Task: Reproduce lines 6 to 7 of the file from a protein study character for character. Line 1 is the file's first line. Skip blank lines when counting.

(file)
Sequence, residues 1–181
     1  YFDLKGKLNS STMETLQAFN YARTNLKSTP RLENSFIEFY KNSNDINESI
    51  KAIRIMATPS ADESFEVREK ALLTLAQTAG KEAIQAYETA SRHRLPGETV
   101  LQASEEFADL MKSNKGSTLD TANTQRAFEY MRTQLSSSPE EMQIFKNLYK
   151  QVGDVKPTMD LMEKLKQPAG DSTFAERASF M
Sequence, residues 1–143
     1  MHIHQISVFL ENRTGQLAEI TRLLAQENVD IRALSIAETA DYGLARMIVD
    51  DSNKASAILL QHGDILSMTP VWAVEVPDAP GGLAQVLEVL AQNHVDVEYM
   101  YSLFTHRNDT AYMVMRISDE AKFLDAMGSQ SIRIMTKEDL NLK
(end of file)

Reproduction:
Sequence, residues 1–143
     1  MHIHQISVFL ENRTGQLAEI TRLLAQENVD IRALSIAETA DYGLARMIVD